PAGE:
Seniors prefer walking and public transit

Seniors prefer walking and public transit

By 2050, for the first time in human history, worldwide there will be more people older than 65 than under age 15.  According to a recently released report called Shaping Ageing Cities, “older people are less likely to drive, favoring public transport and walking.”

As Friends of White Flint has been saying, creating a walkable, transit-oriented community doesn’t  just benefit millennials; seniors win, too. But when we’re designing roads, sidewalks, bike trails, and transit, we need to remember that the average person over 65 manages a walking speed of 3km/hour. At 80 that goes down to 2km/hour, compared with the average for a working age person of 4.8km/hour. Reducing the distance between bus/BRT stops, having benches and trees for shade and rest along walking routes, improving sidewalks, and allowing more time to cross the road are essential modifications that work for everyone.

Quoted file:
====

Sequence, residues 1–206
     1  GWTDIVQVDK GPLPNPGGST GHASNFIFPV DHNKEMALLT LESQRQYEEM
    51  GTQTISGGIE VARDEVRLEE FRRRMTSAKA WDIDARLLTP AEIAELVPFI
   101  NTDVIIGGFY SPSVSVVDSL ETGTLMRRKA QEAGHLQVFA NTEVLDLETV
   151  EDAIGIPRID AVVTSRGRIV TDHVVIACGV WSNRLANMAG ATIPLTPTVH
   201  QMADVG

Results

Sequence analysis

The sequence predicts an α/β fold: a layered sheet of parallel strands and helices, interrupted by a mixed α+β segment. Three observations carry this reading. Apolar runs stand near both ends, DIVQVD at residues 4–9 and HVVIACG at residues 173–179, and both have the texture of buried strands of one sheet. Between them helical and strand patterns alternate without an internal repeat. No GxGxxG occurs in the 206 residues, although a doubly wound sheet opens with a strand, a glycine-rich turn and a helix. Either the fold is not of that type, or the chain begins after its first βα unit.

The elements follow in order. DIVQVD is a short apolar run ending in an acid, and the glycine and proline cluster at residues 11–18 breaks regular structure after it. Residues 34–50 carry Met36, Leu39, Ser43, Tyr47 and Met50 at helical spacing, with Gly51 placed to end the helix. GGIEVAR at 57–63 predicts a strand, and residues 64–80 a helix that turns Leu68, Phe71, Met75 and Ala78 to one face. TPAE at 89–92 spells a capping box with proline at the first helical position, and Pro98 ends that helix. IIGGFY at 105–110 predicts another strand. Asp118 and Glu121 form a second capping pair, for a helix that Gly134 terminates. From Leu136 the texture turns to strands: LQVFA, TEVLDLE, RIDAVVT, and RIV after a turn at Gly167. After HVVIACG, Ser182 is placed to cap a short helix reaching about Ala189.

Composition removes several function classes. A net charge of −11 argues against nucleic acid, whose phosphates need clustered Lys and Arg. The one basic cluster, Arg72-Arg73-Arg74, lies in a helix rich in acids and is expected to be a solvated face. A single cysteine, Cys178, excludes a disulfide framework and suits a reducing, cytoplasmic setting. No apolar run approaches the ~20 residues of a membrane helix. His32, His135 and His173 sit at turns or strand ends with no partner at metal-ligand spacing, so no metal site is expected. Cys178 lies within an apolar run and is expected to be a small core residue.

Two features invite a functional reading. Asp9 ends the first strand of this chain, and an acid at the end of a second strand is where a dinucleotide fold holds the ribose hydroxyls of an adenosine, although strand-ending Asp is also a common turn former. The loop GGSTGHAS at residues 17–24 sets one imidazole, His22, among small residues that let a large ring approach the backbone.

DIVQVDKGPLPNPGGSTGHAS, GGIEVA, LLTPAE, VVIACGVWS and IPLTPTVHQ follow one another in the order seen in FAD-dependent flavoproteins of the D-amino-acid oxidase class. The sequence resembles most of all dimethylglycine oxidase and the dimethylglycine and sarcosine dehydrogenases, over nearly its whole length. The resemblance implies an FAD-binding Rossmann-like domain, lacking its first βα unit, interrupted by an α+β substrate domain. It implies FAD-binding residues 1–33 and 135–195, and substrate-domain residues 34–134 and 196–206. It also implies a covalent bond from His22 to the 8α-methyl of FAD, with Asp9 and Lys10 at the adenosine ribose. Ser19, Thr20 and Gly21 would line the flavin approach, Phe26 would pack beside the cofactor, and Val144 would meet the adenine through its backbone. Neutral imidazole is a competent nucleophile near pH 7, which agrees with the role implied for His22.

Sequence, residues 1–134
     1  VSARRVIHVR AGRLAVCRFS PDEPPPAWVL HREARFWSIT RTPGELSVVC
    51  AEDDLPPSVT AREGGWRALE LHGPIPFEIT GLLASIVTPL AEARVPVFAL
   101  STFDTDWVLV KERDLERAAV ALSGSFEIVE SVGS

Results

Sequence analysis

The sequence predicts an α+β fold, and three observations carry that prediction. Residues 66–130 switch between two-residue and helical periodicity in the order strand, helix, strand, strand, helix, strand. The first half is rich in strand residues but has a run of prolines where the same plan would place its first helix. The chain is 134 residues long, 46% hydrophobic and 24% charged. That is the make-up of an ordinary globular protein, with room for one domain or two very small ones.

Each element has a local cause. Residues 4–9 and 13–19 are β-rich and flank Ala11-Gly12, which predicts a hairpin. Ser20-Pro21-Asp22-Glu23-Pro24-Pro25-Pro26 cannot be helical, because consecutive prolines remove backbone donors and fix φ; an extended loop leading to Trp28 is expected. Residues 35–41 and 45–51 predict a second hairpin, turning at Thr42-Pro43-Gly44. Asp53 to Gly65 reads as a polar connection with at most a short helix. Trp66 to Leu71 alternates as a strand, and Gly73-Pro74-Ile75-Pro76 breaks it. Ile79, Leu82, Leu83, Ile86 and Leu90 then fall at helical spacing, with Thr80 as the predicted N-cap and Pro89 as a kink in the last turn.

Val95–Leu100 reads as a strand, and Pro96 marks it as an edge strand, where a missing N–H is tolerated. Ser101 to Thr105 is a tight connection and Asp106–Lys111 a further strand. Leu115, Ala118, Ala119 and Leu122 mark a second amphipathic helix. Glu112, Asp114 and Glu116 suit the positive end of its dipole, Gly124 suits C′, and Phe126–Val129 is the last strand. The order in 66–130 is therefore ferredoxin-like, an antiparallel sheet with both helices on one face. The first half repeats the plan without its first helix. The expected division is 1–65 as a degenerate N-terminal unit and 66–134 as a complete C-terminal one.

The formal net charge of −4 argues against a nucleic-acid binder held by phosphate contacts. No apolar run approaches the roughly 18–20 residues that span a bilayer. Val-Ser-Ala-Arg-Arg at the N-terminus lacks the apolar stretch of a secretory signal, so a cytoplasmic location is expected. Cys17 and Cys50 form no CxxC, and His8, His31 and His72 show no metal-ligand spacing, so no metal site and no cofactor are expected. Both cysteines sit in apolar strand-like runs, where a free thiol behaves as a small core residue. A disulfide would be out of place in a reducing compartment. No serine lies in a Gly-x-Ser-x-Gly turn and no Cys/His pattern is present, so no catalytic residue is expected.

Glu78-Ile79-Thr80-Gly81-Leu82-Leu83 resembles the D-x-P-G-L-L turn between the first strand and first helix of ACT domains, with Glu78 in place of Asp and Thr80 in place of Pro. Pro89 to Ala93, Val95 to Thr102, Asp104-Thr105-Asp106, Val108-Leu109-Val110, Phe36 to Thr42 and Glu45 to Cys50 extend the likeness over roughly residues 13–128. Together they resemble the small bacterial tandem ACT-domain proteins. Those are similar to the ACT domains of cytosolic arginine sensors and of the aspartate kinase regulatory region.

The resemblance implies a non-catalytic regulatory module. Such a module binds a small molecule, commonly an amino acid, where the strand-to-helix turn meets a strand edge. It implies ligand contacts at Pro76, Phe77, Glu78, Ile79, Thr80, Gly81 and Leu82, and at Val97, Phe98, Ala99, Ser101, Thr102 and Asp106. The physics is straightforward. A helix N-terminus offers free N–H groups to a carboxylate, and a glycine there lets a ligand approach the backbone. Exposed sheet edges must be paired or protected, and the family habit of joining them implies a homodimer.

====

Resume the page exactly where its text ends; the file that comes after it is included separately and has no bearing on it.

Suburban sprawl that can be quite isolating for those with limited mobility, including seniors, so new urbanism, and neighborhoods like the Pike District,  can be a boon that allows seniors to age in place.


Amy Ginsburg


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